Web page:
A few months ago, I opined about the nuanced exaggerations the media sometimes resorts to when it comes to linking where crime occurs and geographically proximate “factors” like transit, which I argued is often used as a scapegoat. My own quick and dirty analysis revealed that criminal activity aboard transit largely reflects existing patterns in the neighborhoods where said crimes occur.
The Chicago Tribune completed a much more in-depth analysis for the Windy City over a two-year period, examining the types and locations of crimes that were occurring within the CTA system. While there’s some jabbering about anecdotal experiences and riders’ own perceptions of crime, the underlying findings largely mirror my own:
The geographic examination of city data from 2009 through June 13 of this year demonstrates that crime patterns on the CTA closely mirror Chicago’s demographics, in terms of population density and income disparities (emphasis mine).
I still think the way police captain Lemmer frames “safe” and “unsafe” stations is a little off. There’s really no such thing as an “unsafe” station, except those that are purposefully built to be unsafe. Safety, at least as it relates to crime, or the illusion of it merely reflects the goings-on in the surrounding environment. Whether a crime takes place on a subway platform or on the street below has little to do with the station itself. Similarly, the article’s headline: “Analysis reveals hot spots for CTA-related crimes” is also misleading in this regard.
Ultimately, I think the analysis only adds to evidence that crime is a structural problem. Unfortunately, the way we segregate policing by jurisdiction (i.e., Metro Police will respond to a crime on a bus, while Seattle PD will respond to a crime on the street) seems to uphold faulty notions about transit or even the people who use it. If anything, we should use transit as a tool to combat crime, building vibrant community spaces that attract the attention the eyes of all its users.
9 Replies to “Linking Criminal Activity to Transit”
Coming soon to Algona, Don!
Good story by Jon Hilkevitch. He notes that while citywide crime has been down in the last few years, crime on transit is up. Over the last three years, “thefts are up 42%, and robberies are up 69%” on CTA.
I feel bad for riders who have no other option but to take a train home through high crime, gang-infested neighborhoods.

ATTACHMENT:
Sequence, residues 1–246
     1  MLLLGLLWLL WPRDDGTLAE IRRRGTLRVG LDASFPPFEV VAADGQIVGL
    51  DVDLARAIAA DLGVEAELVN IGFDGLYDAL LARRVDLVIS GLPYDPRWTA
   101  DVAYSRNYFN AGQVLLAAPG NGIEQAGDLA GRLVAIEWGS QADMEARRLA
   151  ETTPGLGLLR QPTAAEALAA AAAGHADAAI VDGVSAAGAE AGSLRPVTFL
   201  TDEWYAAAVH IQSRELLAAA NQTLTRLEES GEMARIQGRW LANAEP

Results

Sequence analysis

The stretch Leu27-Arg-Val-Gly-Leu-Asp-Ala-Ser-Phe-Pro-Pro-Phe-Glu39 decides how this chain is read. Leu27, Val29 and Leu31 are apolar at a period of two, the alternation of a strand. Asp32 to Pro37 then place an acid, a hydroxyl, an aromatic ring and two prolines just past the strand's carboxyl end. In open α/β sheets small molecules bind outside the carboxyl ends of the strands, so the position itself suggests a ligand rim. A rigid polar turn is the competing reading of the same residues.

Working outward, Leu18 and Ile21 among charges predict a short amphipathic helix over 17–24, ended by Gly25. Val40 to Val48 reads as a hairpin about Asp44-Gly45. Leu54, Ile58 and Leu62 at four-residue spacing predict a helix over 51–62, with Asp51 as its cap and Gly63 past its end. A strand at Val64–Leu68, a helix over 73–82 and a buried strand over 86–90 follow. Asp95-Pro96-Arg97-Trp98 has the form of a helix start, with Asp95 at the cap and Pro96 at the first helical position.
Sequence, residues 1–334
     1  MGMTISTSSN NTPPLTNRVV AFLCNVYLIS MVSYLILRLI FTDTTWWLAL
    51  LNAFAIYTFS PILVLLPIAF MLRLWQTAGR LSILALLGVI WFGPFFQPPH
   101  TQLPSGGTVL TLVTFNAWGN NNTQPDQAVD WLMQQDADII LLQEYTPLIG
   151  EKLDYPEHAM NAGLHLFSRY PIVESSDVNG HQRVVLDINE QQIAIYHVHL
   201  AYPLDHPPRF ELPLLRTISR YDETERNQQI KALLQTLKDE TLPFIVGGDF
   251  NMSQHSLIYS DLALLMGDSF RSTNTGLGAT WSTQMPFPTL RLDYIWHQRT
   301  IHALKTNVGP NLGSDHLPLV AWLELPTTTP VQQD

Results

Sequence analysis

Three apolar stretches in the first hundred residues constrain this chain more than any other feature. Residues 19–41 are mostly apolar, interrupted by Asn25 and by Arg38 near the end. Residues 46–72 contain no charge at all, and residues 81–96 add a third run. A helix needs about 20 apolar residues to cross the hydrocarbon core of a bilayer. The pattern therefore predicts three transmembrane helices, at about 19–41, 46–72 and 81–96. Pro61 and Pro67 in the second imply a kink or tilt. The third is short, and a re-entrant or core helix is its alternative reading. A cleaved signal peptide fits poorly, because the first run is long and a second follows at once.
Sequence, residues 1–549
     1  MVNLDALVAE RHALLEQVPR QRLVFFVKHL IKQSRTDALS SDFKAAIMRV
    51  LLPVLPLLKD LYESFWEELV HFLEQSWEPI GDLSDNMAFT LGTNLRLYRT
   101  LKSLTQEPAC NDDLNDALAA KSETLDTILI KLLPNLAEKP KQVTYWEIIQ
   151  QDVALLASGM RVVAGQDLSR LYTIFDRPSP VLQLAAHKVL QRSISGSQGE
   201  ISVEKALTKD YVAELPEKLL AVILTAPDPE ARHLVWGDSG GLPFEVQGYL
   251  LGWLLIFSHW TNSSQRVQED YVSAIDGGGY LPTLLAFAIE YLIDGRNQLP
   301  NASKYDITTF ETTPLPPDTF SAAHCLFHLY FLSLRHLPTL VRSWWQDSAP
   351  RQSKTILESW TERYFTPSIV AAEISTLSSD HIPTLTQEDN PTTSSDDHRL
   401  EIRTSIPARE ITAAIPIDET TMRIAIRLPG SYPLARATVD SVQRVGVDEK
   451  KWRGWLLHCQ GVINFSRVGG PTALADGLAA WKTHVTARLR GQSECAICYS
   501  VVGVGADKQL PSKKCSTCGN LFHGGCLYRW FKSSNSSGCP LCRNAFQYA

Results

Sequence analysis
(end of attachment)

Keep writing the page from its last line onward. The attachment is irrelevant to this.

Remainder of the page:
Crime is up on the CTA because 4 years ago people weren’t riding around with smartphones in their hands and headphones in their ears NEARLY As much. Theives have found that smartphones are an easy go, so they steal them at insane rates (it has happened to me too) Opportunity has risen a ton for thieves, as well, ridership has risen, so there’s more targets.
This is almost certainly right. Petty theft has always been popular in crowded areas, mass transit is getting more crowded, and now people are carrying a lot more things which are easy to steal.
Having lived in Chicago, I can say that crime patterns are also a function of enforcement actions that clamp down on it in one area so it moves. It’s a game of whack-a-mole. And I have indeed, changed which stations I would utilize based on a perceived safety of the path to/from my home to those stations. Such perceptions were influenced by the presence or absence of police both blue and white units and the thuggies (they drive dark (gray/black) cars with dark tinted windows and dress in dark hoodies bulging from the bullet-proofing underneath).
Is it fair to say that while crime as a whole is no worse aboard transit than anywhere else in the vicinity, a transit system has a special responsibility to make sure that people who entrust themselves to its care don’t get victimized?
Nice analysis, Sherwin. The headline is especially silly. Consider, by way of example, the absurdity of a headline that read, “Analysis reveals hot spots for sidewalk-related crime.”
Hilkevitch has long been a fine transportation reporter for the Trib, though.
Unfortunately a story like this and STB’s response means were doing a little three card monte.
Running a billion dollar light rail system through Rainier was sold, in part, with the idea that the transit would revitalize those neighborhoods. This study says that crime onboard reflects the crime outside. So now you say we have to “build communities” to reduce the crime to make the billion dollar transit system safe?
Wasn’t the transit system supposed to make the communities safe? Is that not how you sold this project to begin with??
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